To my mind, such labor relations in Africa were rather like those in the plantation production in Americas and elsewhere. That is, they represent a sort of proto- proletarianization in which physical coercion of alienated labor operated mainly through direct control of the bodies of laborers, and it was their bodies, rather than their labor-power, which were commodified. I think that the reasons for such forms varied situationally to a degree, but tended to involve combinations of a) agricultural production, b) high degree of cultural alienation of laborers from employer/ owners, making negotiation of a hegemonic "moral economy" difficult, c) limited demographic capacity on the part of "owners of means of production" (esp. land) to exercise detailed supervision over wide regions, d) limited technical capacity to organize and enforce institutions of exlcusive property in land and contract in labor (limits often closely related to b and c above).
In this sense, if one means by "working class history" the history of capitalist labor relations on the side of those doing the work, I don't see how we can escape the fact that capitalist slavery was a capitalist labor relation. Whether African slave systems producing commodities for "legitimate" trade in the capitalist world economy quite fit that bill may be questionable, since unlike American plantations, the property relations over means of production other than labor (esp. land) weren't capitalist. But they were certainly different than they would have been without capitalist commodity markets, and would therefore seem to have a place in the history of capitalist labor and class relations.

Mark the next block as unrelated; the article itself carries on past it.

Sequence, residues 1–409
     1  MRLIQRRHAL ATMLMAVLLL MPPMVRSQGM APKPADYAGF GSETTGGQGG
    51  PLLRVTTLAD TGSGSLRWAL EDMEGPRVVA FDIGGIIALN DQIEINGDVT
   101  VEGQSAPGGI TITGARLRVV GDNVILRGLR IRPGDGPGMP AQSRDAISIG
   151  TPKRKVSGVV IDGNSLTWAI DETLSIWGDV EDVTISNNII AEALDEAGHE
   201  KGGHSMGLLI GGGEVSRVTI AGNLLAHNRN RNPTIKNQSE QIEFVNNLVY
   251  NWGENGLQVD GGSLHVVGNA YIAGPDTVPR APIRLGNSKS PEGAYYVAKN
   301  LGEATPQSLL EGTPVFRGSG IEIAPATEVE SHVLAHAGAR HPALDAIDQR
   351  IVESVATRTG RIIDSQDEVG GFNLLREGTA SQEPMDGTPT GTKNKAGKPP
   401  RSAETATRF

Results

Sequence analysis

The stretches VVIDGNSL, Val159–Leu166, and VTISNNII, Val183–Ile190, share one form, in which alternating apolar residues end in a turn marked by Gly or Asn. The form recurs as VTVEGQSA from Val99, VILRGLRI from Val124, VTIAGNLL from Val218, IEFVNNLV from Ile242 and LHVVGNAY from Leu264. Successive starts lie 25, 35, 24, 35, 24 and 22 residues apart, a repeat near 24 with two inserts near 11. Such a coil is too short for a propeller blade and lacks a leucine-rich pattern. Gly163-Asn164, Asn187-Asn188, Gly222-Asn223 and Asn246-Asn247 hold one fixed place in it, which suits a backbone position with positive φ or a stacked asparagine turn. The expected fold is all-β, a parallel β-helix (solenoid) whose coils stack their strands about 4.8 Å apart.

Finally (and partly to return to Mandala), I would say that the reason why African historians of labor and laborers have difficulty seeing those phenomena purely in terms of dispossessed workers isn't really due to the role of slavery at all. Rather, I would argue, it is due to the fact that even in South Africa (although it's getting pretty close there), there is not yet a fully established regime of capitalist property relations in land over the communities where workers live. The functional equivalents of "enclosure" in Africa are still being fought out. Hence the need to invent categories like worker-peasant or peasant-worker, or to speak of the integration of strategies of wage-work with petty commodity production, and so on.
So, to employ the terms of your debate with your colleague, I'm with you, Carolyn, and I don't think that African working class history (in the sense of the history of fully proletarianized African workers) can be sensibly understood apart from African labor history (in the sense of the history of labor forms in Africa, in which proletarian labor has co-existed and continues to co-exist, interact with and be shaped by other forms).